Washington and Arizona community property statutes similarly provide that a debt incurred by one spouse while acting for the benefit of the marital community is a community obligation, regardless of whether or not the other spouse approves it.5 Arizona, however, restricts this power with respect to guaranty agreements the transaction at issue in this case by requiring that both spouses sign these agreements in order to bind their marital community.6 The Arizona statute was enacted to ensure that the marital community will be bound “only by consent of the community.” 7 Lindstrom analogizes his Arizona marital community to a principal/agency relationship and contends that, because Arizona law would not allow him to enter into a guaranty agreement without Georgia's express consent and because Georgia signed the contract “as a witness, not as a binding party,” she is not legally bound by her husband's “unauthorized act.” 8
G.W. Equipment responds that “traditional choice of law principles dictate that Washington law will apply the [g]uaranty.” G.W. Equipment is correct that in the absence of an effective choice of law by the parties, the validity and effect of a contract will be governed by the law of the state having the most significant relationship with the contract.9 But in Potlatch No. 1 Fed. Credit Union v. Kennedy,10 the Washington Supreme Court recognized that, depending on the ultimate issue being considered, some contacts are more significant than others:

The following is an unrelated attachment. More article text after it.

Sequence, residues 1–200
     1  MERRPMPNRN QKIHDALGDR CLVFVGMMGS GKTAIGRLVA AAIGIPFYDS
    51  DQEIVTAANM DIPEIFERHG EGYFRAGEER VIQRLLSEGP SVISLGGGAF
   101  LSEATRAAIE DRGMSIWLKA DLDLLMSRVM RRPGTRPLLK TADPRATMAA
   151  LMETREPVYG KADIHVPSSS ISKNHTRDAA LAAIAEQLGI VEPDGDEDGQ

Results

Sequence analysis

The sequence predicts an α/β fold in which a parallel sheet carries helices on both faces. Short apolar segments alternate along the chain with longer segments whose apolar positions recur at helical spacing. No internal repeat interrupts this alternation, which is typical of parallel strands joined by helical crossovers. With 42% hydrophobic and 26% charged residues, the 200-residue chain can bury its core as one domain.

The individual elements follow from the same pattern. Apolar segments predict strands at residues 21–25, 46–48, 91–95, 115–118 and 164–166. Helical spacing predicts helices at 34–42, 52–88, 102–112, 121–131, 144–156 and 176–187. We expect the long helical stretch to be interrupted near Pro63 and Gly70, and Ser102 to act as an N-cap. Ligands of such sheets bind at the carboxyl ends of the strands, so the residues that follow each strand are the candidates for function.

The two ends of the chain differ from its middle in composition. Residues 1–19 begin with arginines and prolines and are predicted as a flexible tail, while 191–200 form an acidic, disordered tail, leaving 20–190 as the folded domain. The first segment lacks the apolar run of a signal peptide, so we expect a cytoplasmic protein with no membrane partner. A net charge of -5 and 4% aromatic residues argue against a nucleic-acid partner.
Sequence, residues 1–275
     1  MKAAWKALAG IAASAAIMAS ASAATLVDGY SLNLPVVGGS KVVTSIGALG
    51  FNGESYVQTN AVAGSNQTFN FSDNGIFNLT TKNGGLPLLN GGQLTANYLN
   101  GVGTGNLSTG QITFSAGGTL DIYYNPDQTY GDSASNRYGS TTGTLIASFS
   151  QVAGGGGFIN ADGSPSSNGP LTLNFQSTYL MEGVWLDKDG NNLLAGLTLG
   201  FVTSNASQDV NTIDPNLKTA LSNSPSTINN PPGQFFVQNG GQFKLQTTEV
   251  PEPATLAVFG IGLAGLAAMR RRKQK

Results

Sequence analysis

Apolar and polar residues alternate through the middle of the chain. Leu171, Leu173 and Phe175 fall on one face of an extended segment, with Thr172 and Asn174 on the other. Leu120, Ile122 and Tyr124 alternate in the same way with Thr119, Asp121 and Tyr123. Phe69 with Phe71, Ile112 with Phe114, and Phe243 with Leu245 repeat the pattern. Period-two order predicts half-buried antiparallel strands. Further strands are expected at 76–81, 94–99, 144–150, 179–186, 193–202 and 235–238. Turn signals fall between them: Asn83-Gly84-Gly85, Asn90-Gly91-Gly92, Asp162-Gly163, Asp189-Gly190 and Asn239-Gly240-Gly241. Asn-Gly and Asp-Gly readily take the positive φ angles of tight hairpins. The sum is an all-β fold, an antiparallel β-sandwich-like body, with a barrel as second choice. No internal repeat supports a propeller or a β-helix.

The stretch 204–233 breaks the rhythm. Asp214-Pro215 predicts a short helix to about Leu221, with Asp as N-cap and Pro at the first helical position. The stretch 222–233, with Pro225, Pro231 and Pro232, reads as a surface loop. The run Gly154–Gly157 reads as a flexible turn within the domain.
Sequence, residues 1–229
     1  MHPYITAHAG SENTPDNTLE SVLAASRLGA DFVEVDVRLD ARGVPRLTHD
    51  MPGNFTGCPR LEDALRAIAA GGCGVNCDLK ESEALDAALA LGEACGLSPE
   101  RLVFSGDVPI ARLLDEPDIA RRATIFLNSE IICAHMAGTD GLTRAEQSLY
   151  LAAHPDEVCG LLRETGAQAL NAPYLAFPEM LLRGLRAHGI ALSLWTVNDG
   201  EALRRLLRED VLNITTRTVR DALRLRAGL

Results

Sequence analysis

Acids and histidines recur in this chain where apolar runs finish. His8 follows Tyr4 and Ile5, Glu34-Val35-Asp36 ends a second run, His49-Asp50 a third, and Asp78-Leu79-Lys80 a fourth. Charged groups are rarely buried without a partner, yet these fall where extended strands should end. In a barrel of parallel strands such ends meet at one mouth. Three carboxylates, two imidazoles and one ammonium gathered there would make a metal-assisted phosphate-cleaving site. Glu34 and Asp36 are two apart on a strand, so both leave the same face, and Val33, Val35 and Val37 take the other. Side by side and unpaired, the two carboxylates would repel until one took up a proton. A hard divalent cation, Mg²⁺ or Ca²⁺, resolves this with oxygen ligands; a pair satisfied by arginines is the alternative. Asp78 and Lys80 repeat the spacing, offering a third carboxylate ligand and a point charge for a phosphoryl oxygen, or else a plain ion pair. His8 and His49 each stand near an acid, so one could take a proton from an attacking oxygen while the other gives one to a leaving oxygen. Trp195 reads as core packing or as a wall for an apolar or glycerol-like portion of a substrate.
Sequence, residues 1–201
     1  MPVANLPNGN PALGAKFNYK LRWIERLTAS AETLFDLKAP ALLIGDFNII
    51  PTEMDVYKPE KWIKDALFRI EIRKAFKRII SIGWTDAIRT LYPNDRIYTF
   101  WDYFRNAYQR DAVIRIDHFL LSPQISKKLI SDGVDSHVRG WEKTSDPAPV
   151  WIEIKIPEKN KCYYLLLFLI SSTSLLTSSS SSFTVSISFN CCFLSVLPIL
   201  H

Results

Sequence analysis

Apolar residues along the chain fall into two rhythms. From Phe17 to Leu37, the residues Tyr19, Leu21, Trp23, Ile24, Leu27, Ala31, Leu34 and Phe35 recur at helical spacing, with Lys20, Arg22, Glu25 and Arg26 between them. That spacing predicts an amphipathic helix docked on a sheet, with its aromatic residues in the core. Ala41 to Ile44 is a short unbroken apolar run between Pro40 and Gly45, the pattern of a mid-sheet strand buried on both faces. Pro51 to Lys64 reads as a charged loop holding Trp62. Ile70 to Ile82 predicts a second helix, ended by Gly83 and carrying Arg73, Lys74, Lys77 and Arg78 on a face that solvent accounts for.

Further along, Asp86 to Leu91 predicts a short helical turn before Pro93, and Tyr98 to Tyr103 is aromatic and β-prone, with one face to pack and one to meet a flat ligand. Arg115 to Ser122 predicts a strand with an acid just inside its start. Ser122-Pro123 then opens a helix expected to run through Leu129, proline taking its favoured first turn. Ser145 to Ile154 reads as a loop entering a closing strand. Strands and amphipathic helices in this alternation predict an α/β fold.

Application of [the significant relationship] principle does not involve merely counting the contacts. Rather these contacts are guidelines indicating where the interests of particular states may touch the transaction in question. For instance, the state of contracting (the place where the last act necessary to create a binding contract was performed) may be relatively insignificant unless it is also the state of the domicile of the parties ․ in which case that state may have some real interest in protecting its residents or policing acts occurring within its borders.․ 11
In Potlatch, the court analyzed the community liability of a Washington couple on an Idaho debt incurred by the husband alone. It identified significant contacts and considered “the interests and policies” of Washington and Idaho along with the expectations of the parties. After noting that Washington's community property system “constitutes the most important element of married women's property rights,” the Potlatch court concluded that “[t]he wife's rights to her share of the community property, and the concurrent restrictions on the husband's power to manage that property, are basic to Washington law.” 12 Implicit in the Potlatch court's comments and holding is that when management of community property is at issue, the state with the most significant interests is typically the state where the spouses reside.13